DISCLOSURE OF INVENTION

It is an object of the present invention to provide a method of generating spreading codes, and CDMA transmission and reception apparatuses enabling generation of spreading codes with arbitrary lengths.

This object is achieved by generating a bth chip C(a,b) of an ath spreading code by the following equation where e is a base of natural logarithm and N is a length of a spreading code (i.e. spreading code length):
C(a,b)=e j(2nn/N)   (1)
In Eq. (1), it is assumed that n=ab, a takes values of 0 to N−1 (a=0n−1), and that b takes values of 0 to N−1 (b=0N−1).

It is thereby possible to generate spreading codes with orthogonality and arbitrary spreading code lengths N (N is any natural numbers).

BRIEF DESCRIPTION OF THE DRAWINGS

FIG. 1 is a block diagram illustrating a configuration of a conventional CDMA transmission apparatus;

FIG. 2 is a block diagram illustrating a configuration of a conventional CDMA reception apparatus;

FIG. 3 is a block diagram illustrating a configuration of a spreading code generating apparatus of Embodiment 1;

FIG. 4 is a flowchart illustrating procedures of generating spreading codes in the spreading code generating apparatus of Embodiment 1;

FIG. 5 is a block diagram illustrating a configuration of a CDMA transmission apparatus of Embodiment 1;

FIG. 6 is a block diagram illustrating a configuration of a CDMA reception apparatus of Embodiment 1;

FIG. 7A is an explanatory view of orthogonality of spreading codes of the invention;

FIG. 7B is another explanatory view of orthogonality of spreading codes of the invention;

FIG. 7C is another explanatory view of orthogonality of spreading codes of the invention;

FIG. 8A is another explanatory view of orthogonality of spreading codes of the invention;

FIG. 8B is still another explanatory view of orthogonality of spreading codes of the invention;

FIG. 9 is a block diagram illustrating a configuration of a spreading code generating apparatus of Embodiment 2;

FIG. 10 is a block diagram illustrating a configuration of a CDMA transmission apparatus of Embodiment 2;

FIG. 11 is a block diagram illustrating a configuration of a CDMA reception apparatus of Embodiment 2;

FIG. 12 is a block diagram illustrating a configuration of a CDMA transmission apparatus of Embodiment 3;

FIG. 13 is a block diagram illustrating a configuration of a CDMA reception apparatus of Embodiment 3;

FIG. 14 is a view of a code tree to explain Embodiment 4;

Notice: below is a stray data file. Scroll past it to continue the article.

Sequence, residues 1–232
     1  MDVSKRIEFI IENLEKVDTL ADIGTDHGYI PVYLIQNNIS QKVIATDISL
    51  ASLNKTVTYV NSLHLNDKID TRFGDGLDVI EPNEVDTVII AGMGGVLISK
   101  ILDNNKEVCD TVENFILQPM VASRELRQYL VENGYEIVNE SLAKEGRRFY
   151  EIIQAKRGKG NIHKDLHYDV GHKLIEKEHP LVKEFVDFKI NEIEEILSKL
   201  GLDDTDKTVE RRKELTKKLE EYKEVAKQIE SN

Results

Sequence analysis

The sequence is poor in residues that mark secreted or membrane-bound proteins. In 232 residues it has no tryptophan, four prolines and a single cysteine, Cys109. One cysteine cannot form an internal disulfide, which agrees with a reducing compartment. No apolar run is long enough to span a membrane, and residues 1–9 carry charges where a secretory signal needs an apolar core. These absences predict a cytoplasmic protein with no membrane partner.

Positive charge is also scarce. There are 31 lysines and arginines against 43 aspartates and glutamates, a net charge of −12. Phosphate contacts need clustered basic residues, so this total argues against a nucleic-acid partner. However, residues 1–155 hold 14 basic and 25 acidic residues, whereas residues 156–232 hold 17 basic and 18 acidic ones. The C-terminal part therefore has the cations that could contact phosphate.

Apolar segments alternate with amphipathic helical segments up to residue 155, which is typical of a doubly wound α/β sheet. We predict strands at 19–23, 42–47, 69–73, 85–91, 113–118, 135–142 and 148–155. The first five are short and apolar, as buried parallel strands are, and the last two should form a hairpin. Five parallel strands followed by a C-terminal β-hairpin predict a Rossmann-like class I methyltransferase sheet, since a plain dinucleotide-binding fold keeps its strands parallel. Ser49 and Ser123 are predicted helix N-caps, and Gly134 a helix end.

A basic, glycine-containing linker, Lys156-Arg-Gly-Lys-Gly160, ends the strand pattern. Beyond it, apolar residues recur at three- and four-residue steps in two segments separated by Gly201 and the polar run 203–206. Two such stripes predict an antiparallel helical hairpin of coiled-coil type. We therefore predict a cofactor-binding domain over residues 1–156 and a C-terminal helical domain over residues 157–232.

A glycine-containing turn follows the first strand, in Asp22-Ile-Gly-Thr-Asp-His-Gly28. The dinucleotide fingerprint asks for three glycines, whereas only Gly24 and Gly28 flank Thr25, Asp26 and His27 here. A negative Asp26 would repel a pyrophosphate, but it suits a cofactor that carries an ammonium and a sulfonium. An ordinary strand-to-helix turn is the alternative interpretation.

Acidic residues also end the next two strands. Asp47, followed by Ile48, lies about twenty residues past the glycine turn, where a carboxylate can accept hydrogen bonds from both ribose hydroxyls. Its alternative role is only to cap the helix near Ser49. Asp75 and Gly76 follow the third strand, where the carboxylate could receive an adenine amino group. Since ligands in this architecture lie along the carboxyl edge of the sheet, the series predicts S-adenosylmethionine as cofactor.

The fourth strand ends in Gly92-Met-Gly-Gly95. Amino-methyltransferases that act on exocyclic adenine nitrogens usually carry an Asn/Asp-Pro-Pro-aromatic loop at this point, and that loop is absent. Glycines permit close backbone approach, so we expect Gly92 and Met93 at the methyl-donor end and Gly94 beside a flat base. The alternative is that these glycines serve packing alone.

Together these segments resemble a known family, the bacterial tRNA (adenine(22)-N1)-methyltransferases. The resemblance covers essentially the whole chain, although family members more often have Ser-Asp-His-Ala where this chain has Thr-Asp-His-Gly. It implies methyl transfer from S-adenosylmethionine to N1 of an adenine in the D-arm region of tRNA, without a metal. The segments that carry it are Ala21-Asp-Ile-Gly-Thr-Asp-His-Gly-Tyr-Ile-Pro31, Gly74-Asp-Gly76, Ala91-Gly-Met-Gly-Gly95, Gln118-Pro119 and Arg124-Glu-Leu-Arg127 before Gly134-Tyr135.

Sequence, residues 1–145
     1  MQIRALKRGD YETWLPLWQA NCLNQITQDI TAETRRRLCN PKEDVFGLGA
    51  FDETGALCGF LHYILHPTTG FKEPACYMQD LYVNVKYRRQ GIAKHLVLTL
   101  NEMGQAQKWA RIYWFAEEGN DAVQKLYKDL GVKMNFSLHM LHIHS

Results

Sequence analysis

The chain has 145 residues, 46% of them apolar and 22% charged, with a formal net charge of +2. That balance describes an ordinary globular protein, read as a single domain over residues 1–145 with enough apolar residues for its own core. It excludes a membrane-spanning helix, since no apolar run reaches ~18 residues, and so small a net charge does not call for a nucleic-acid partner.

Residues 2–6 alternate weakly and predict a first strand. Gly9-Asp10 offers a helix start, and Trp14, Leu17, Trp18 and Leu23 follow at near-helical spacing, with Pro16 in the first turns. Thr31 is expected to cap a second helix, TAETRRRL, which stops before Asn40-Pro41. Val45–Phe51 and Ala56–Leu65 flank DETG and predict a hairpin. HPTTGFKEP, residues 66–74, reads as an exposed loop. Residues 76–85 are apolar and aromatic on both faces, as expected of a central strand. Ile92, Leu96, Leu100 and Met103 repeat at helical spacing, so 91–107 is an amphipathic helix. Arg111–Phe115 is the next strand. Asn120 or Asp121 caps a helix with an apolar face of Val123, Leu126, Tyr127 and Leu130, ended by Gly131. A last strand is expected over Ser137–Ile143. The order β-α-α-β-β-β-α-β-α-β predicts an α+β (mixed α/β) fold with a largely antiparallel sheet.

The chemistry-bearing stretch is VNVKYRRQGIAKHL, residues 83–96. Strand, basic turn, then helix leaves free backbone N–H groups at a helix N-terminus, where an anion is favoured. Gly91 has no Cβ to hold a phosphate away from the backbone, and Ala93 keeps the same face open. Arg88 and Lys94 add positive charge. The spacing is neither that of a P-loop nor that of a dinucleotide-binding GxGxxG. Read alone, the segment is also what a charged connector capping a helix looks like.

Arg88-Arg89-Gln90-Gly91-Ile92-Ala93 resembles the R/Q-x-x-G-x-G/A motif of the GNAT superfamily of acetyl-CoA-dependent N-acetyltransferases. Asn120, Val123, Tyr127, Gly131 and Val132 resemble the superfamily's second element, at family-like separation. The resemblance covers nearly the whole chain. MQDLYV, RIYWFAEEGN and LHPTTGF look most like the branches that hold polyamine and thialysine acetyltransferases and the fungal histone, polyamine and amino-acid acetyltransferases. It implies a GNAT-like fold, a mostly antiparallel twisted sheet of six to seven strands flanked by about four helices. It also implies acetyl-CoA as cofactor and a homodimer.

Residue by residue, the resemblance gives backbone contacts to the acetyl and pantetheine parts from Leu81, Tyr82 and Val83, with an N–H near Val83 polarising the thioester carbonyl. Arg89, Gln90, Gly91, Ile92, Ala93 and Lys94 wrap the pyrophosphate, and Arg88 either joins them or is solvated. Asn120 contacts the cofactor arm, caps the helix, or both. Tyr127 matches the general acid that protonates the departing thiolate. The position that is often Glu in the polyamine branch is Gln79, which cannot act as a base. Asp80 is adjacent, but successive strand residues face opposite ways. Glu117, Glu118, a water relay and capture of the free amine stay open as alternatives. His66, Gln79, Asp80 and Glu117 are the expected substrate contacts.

FIG. 15 is a block diagram illustrating a configuration of a CDMA transmission apparatus of Embodiment 5;

FIG. 16 is a block diagram illustrating a configuration of a CDMA reception apparatus of Embodiment 5;

FIG. 17 is a block diagram illustrating a configuration of a CDMA transmission apparatus of Embodiment 6; and

FIG. 18 is a block diagram illustrating a configuration of a CDMA reception apparatus of Embodiment 6.

BEST MODE FOR CARRYING OUT THE INVENTION

Embodiments of the present invention will specifically be described below with reference to accompanying drawings.

Embodiment 1

FIG. 3 shows an example of a configuration of a spreading code generating apparatus to implement a method of generating spreading codes of the invention. Spreading code generating apparatus 100 has ej(2nn/N) calculating section 101. An arbitrary natural number N set in code length setting section 102 is input to ej(2nn/N) calculating section 101. The section 101 is set for a code number a by code number setting section 103, and further set for a chip number b by chip number setting section 104. Then, n=ab calculating section 105 multiplies the code number a by the chip number b, and inputs a multiplication value n to ej(2nn/N) calculating section 101. As a result, ej(2nn/N) calculating section 101 sequentially generates a bth (b=0N−1) chip C(a,b) of an ath (a=0N−1) spreading code with an arbitrary length of N.

FIG. 4 shows procedures of generating spreading codes in spreading code generating apparatus 100. Spreading code generating apparatus 100 starts processing in step ST0, and sets a code length N in code length setting section 102 in step ST1. In subsequent step ST2 the apparatus 100 sets 0 on a code number a of code number setting section 103, and further sets 0 on a chip number b of chip number setting section 104 in step ST3.

In subsequent step ST4, the apparatus 100 calculates n in n=ab calculating section 105, and shifts to step ST5. In step ST5, ej(2nn/N) calculating section 101 calculates a value of a bth chip C(a,b) of an ath spreading code, and outputs values of C(a,b) of one chip in step ST6.

Next, spreading code generating apparatus 100 shifts to step ST7, determines whether or not the chip number b is N−1, and, when b is not N−1 (actually, when b is less than N−1), shifts to step ST8 to increment the chip number b, and returns to step ST4. Spreading code generating apparatus 100 repeats a loop of steps ST4-ST5-ST6-ST7-ST8-ST4 and thereby generates sequentially chips with chip numbers b starting from 0 to N−1 on a spreading code with the code number a based on the fixed code number a, and thus generates the spreading code with the code length N on the code number a.